The attitude of Sinn Féin is equally important. The less compromising attitude to Stormont has paid off for Sinn Féin handsomely in two elections this year, but has produced an equal and opposite reaction on the unionist side, which has also consolidated the DUP’s position.
One positive by-product of Sinn Féin’s strength is that it greatly reduces their exposed flank. In recent weeks, two of the dissident armed factions have announced that they intend to wind up their activities. Sadly, parties representing more the middle ground, and to whom a lot of political progress achieved to date is owed, the UUP, SDLP and Alliance, have again been squeezed.
Political realism is required. A second Scottish independence referendum is off the agenda, and Scotland is not going to break up the UK any time soon. There is no evidence of any significant shift of opinion towards a united Ireland that would justify a border poll. Demanding special EU status for Northern Ireland is all too often a transparent attempt to loosen the union. A co-operative approach will be more beneficial than a confrontational one.
It is difficult to assess at this stage the effect of the election on the Brexit negotiations. Those in Britain who want a more flexible approach will be emboldened. Younger voters were a force in the election that they were not in last year’s referendum. In a remarkable letter published in The Times (June 5), former cabinet secretary under Margaret Thatcher, Lord Armstrong, who was chief British negotiator of the Anglo-Irish Agreement, warned that it was young people who would pay the price of Brexit. Where were the leaders, he asked, who had the courage to say, not that the decision had been taken and must be proceeded with, but “we are on the verge of making a dire historic mistake; let’s put it right before it’s too late”?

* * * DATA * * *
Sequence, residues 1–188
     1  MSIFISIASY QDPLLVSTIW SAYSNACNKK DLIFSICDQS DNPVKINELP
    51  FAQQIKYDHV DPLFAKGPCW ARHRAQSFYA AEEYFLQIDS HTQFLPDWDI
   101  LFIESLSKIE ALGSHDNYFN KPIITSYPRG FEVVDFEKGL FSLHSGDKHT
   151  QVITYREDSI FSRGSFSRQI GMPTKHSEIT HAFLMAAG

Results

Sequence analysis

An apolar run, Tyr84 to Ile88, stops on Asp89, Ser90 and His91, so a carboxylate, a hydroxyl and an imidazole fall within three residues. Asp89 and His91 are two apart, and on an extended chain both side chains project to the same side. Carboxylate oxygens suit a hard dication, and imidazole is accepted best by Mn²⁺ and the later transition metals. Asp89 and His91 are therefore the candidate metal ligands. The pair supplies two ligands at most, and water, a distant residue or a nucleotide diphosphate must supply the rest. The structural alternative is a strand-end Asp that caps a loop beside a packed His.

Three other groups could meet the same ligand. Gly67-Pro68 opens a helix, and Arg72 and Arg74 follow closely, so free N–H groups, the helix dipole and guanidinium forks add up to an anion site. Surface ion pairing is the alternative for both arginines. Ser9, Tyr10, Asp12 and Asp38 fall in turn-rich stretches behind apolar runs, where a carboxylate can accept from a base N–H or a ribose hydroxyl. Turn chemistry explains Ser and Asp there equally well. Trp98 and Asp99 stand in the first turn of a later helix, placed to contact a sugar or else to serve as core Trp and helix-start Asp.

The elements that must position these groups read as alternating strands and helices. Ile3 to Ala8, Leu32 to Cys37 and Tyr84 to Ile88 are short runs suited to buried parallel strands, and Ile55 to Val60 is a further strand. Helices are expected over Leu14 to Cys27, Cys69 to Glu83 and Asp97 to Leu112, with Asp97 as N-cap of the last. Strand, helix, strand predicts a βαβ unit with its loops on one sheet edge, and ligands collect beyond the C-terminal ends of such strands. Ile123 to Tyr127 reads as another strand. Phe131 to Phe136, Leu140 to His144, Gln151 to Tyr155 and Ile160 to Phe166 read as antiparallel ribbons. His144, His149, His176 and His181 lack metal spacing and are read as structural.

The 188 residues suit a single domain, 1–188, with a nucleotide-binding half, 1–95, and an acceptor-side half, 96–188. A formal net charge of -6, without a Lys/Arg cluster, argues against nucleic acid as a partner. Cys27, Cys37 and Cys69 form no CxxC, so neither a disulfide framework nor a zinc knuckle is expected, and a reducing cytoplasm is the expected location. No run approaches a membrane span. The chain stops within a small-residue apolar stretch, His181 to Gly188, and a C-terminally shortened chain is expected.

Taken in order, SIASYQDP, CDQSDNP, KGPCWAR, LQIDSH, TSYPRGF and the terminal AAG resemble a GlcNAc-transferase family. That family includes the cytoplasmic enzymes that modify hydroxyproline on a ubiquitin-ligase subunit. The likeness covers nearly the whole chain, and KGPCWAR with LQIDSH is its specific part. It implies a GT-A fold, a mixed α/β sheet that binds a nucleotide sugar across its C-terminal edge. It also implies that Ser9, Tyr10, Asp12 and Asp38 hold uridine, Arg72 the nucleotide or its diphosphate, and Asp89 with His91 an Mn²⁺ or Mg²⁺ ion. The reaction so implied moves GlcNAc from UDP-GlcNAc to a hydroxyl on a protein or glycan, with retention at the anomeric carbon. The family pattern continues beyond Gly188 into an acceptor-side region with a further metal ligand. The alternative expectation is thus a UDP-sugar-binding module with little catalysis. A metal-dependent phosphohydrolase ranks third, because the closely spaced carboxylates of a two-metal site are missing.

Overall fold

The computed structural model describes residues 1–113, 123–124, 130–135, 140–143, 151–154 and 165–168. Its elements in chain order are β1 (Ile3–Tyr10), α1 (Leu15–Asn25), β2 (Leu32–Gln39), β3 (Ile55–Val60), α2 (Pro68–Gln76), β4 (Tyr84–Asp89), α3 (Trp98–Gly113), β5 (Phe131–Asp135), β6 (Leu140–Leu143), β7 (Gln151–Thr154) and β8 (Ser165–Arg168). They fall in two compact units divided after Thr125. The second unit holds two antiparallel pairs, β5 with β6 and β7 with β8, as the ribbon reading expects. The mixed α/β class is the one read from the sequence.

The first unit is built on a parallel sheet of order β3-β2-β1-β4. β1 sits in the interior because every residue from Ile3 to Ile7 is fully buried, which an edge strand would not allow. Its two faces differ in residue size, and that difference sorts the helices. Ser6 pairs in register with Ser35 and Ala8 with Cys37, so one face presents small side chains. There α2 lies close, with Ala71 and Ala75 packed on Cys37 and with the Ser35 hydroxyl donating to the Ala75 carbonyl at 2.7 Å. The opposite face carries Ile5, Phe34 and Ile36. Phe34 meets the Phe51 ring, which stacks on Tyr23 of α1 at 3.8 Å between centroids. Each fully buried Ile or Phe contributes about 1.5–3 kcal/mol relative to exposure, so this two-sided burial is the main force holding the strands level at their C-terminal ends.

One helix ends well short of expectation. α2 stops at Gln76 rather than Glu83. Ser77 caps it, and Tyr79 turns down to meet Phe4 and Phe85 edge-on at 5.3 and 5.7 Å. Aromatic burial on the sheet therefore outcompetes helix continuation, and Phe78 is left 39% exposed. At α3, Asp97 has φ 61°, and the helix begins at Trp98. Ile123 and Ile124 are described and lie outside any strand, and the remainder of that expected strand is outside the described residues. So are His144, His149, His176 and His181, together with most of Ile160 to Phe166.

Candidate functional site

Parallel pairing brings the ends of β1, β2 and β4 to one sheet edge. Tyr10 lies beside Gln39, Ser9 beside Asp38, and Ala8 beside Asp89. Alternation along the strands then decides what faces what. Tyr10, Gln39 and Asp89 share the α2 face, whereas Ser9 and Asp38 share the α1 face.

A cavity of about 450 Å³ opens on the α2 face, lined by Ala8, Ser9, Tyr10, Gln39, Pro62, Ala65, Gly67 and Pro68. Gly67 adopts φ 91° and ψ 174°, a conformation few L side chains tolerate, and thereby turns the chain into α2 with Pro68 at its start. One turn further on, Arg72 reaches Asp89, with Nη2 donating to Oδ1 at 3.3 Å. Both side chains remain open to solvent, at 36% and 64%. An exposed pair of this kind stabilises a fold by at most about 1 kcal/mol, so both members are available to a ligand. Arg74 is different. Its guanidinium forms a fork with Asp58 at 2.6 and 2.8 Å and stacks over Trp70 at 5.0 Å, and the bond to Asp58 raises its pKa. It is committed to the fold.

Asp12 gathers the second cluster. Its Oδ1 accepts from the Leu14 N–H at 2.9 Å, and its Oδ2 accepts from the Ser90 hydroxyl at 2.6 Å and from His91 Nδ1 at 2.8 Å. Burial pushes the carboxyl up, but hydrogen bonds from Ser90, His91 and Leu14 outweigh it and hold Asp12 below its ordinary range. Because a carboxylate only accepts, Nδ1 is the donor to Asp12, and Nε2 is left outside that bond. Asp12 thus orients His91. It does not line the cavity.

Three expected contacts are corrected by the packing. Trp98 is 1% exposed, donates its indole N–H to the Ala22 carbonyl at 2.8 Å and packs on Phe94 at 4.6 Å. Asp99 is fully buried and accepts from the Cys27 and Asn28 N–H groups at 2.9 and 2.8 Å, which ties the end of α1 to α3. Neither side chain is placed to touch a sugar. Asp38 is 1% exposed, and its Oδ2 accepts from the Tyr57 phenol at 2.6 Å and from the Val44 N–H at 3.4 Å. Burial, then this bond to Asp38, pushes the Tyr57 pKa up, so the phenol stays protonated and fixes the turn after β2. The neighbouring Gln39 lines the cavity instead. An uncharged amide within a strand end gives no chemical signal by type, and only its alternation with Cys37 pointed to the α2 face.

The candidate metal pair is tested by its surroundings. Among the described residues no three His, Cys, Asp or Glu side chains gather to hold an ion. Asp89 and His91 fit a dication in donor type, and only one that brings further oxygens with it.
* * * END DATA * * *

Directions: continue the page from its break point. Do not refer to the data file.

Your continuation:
Seen in the context of the Anglo-sphere, Ireland is wedged between two powers, the US and Britain, that temporarily succumbed to populism and have gone off the rails politically. Fortunately, the Republic remains a committed member of an EU that is recovering politically and economically.